Analysis of [18F]exendin-4 PET data

Exendin-4 is a subcutaneously administered peptide drug, used in the treatment of type 2 diabetes. [18F]exendin-4 and its analogue tracers, also labeled with other radionuclides than 18F, are specific to glucagon-like peptide 1 receptor (GLP-1R), and have been used for imaging pancreatic β-cell mass, insulinoma (Kiesewetter et al., 2012; Xu et al., 2015), transplanted islets (Wu et al., 2013), and myocardial ischemia (Gao et al., 2012). 18F-labelled exendin tracers have faster renal clearance and lower uptake than the widely used SPECT tracers, leading to lower radiation dose to the kidneys (Mikkola et al., 2016; Dialer et al., 2018).

Pancreatic uptake of exendin-4 tracers has noticeable species variations, caused by differences in β-cell mass and GLP-1R expression in β-cells and exocrine pancreas (Eriksson et al., 2017).


Irreversible binding

Majority of [18F]exendin-4 is internalized into cells after binding to GLP-1R receptors (Kiesewetter et al., 2012a). True efflux rate is expected to be slow, and if any tracer efflux from the internalized compartment is seen during the PET study, it may be an artifact caused by tissue heterogeneity inside the volume of interest, or errors in measurement of plasma parent fraction. However, total radioactivity concentration in tissues can decrease, at rates dependent on the organ and tracer (Kiesewetter et al., 2012a; Wu et al., 2013).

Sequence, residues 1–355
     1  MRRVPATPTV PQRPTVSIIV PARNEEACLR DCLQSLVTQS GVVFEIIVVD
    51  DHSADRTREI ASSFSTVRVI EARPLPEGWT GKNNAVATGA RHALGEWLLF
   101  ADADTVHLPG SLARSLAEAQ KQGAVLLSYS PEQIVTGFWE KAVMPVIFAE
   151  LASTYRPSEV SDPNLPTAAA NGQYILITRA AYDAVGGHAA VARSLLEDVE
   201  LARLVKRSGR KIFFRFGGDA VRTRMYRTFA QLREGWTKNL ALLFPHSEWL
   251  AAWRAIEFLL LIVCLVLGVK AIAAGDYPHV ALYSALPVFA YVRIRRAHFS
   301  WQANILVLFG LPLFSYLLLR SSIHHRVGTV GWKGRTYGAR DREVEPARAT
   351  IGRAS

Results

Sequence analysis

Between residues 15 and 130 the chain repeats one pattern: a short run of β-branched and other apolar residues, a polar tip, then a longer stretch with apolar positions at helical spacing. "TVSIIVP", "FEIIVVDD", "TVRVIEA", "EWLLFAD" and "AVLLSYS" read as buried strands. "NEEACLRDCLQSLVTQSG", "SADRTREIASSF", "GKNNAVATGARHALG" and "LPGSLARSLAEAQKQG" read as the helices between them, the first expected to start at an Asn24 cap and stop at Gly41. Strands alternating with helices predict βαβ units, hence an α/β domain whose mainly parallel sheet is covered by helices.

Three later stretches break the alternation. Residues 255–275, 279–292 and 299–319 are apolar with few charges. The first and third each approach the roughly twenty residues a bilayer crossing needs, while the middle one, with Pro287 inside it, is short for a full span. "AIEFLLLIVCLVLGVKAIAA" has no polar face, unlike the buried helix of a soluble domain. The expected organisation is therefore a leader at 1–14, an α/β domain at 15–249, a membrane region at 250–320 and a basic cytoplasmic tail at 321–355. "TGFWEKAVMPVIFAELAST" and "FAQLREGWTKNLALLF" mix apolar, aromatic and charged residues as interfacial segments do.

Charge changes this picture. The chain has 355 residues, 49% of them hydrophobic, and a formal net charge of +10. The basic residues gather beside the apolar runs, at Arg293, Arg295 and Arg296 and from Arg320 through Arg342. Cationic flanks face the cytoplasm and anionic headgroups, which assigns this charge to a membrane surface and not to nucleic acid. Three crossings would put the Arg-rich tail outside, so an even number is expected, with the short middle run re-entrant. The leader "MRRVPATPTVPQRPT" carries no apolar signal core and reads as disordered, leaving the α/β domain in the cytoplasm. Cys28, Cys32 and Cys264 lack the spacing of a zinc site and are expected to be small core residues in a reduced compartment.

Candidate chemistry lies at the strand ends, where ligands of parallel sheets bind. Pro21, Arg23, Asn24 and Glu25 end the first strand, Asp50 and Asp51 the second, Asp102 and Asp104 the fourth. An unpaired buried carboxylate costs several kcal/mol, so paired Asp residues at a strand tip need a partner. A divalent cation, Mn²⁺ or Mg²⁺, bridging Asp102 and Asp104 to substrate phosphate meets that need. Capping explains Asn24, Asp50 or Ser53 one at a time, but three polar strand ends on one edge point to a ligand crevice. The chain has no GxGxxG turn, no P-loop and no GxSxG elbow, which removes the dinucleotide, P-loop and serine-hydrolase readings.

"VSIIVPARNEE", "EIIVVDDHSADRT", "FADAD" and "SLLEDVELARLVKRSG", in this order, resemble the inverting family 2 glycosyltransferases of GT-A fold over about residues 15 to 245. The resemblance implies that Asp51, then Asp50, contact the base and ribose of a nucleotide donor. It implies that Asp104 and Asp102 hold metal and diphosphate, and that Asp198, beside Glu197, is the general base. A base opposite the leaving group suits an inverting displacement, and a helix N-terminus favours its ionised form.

Mass effect

Low amount of GLP-1 receptors requires that only low amount of peptide (high specific activity) can be administered, especially in small animals, to avoid pharmacological and receptor blocking effects (Brom et al., 2010; Mikkola et al., 2016). Although 18F is an optimal isotope for labelling exendin-4 in high specific activity, the binding results should be verified to not show any correlation with the injected mass.

Model input

Plasma vs blood

Exendin-4 is a relatively large peptide, and it does not pass the membranes of red blood cells. Since that applies also to the radioactive metabolites, the image-derived input function, blood time-activity curve (TAC), of an exendin-4 tracer is easy to convert to plasma TAC. Conversion is based on haematocrit value, preferably measured individually.

Metabolite correction

Exendin-4 has an in vivo halflife of about 2.4 h. Fraction of radiolabelled metabolite(s) in plasma and tissues is relatively low even at 60 min p.i., except for kidneys and liver (Kiesewetter et al., 2012a).

Kiesewetter et al. (2012a) suggest that co-precipitation with plasma proteins may be a confounding factor for determining parent fraction in plasma.


Exendin-4 tracer data has so far been analyzed mainly qualitatively and by calculation of regional SUV or %ID/g, and with tumour-to-muscle ratio. Depending on the tracer, target organ, and scan time, Logan plot or one-tissue compartmental model may be suitable for quantitative analysis.

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Created at: 2013-10-23
Updated at: 2018-08-16
Written by: Vesa Oikonen